Democracy Dies in Darkness


A one-time business associate of Michael Cohen known as New York’s ‘Taxi King’ has agreed to cooperate with federal investigators

May 23, 2018 at 10:08 AM

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During his time as President Trump's lawyer, Michael Cohen was involved in business, political and personal matters. Here's a breakdown of the people he dealt with and the investigations he's entangled in. (Jenny Starrs/The Washington Post)

A New York taxi operator pleaded guilty Tuesday to improperly pocketing $5 million in state tax money and has agreed to cooperate with federal prosecutors as they investigate President Trump’s personal attorney, Michael Cohen, according to a person familiar with the case.

Evgeny “Gene” Freidman, an immigrant from the former Soviet Union long known as the “taxi king” of New York, pleaded guilty to criminal tax fraud in Albany County Court. He is a former business partner of Cohen who managed taxis owned by the president’s lawyer for several years.

Freidman’s cooperation agreement could be a significant development for Cohen, whose personal business practices are under investigation by the U.S. attorney for the Southern District of New York. Special counsel Robert S. Mueller III, who is leading the federal Russia investigation, has also scrutinized Cohen’s activities and business relationships.

Stephen Ryan, an attorney for Cohen, declined to comment, as did Brett Berman, an attorney for Freidman. Freidman’s plea and cooperation were first reported by the New York Times.

On Wednesday, Cohen tweeted: “I am one of thousands of medallion owners who entrust management companies to operate my medallions according to the rules of the NYC Taxi and Limousine Commission. Gene Freidman and I are not partners and have never been partners in this business or any other.” He added “#MediaWrongAgain”

Federal prosecutors have sought records related to loans that Michael Cohen took out against his taxi business. (Seth Wenig/AP)

As part of the New York probe, prosecutors are investigating Cohen for possible campaign finance violations and bank fraud. Last month, FBI agents searched his home, office and hotel room. Among the documents agents sought were records related to loans he took out against his taxi medallions, people familiar with the warrant have said.

Public records show that Cohen took out a business loan in late 2014 for an unspecified amount using three taxi companies as collateral.

Related: [FBI raid sought Trump lawyer’s communications with bank that loaned him money against his taxi business]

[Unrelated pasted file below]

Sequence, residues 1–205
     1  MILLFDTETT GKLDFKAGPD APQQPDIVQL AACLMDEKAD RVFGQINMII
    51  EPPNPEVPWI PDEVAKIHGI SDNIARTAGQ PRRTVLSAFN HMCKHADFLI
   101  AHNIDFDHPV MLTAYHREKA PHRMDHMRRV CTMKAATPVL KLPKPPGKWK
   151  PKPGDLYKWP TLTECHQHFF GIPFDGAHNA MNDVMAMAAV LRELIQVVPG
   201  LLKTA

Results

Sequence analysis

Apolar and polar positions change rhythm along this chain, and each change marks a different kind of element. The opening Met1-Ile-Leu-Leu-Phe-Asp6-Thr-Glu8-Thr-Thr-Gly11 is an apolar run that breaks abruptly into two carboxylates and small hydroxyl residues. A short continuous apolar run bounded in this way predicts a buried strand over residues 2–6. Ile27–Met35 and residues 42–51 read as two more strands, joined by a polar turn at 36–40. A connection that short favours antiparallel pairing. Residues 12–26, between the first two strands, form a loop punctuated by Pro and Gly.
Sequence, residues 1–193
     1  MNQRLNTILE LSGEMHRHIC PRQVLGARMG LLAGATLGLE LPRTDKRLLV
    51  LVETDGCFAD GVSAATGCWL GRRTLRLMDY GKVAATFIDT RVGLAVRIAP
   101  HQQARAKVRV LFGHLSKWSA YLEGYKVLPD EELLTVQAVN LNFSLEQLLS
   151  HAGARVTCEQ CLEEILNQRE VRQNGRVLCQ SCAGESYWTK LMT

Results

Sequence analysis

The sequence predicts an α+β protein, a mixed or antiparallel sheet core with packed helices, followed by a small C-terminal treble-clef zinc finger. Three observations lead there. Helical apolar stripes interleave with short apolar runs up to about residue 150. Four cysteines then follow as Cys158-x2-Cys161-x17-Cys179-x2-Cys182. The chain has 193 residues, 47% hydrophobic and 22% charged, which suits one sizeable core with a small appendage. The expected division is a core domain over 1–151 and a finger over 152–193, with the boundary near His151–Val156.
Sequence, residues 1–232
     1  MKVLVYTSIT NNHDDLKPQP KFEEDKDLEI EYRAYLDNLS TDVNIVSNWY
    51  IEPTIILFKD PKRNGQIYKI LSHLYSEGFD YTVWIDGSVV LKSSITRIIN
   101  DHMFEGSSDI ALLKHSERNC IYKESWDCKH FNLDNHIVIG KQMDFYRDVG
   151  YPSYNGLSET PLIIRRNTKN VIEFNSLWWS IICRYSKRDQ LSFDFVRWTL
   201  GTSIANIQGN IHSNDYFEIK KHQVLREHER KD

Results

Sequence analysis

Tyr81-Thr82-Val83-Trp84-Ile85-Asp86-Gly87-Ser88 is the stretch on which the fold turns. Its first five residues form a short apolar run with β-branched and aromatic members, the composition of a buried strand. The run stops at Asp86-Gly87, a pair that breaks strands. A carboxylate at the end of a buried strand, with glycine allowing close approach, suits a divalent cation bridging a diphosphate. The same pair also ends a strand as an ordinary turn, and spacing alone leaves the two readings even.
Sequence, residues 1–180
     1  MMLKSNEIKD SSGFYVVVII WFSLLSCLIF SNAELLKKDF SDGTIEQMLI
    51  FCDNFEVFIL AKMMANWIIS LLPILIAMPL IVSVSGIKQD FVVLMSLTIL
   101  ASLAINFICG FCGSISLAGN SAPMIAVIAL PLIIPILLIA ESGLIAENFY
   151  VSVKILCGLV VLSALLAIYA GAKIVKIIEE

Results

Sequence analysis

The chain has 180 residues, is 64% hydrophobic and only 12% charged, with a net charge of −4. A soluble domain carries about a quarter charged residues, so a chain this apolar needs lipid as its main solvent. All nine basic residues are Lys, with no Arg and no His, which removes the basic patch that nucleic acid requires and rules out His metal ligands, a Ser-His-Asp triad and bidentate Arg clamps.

Investigators also sought records related to Cohen’s October 2016 payment to Stormy Daniels, an adult-film movie actress who said she had an affair with Trump, as well as other records related to Cohen’s involvement in responding to damaging news stories about Trump before his election.

Cohen entered the taxi business as a young lawyer in the 1990s, buying up valuable taxi medallions, which are required to operate a cab in New York and other cities. By 2003, Cohen owned a fleet of 200 taxicabs, working in partnership with a Ukrainian immigrant named Simon Garber.

In 2006, Cohen went to work for the Trump Organization as a lawyer and executive vice president. He handed off the management of his taxi medallions first to Garber and later to Freidman.

The value of a taxi medallion reached a high of $1.2 million in 2014, but their value has slumped to about $300,000 amid the rise of ride-hailing services such as Uber.

Freidman struggled financially as the value of taxi medallions plummeted. He declared bankruptcy on some of his medallions in 2016 and last year was charged by the New York state attorney general with theft.

State prosecutors said Tuesday that Freidman, who operated 800 taxis between 2012 and 2015, failed to remit a 50-cents-per-ride tax owed to the state. Instead, he filed false tax returns designed to hide the theft, they said. During that period of time, he was operating taxis controlled by Cohen, according to people familiar with their relationship.

Freidman is required to pay restitution as part of his plea deal and will be sentenced to five years of probation, according to the attorney general’s office.

“Today, the ‘Taxi King’ admitted that he built his empire by stealing from New Yorkers,” acting attorney general Barbara D. Underwood said in a statement. “Freidman pocketed money that should have provided much-needed investment in our transit system — and he’ll now have to pay back every cent. Our office will continue to hold accountable those who cheat the system.”

Tom Hamburger contributed to this report.

Rosalind Helderman is a political enterprise and investigations reporter for The Washington Post. She joined The Post in 2001.

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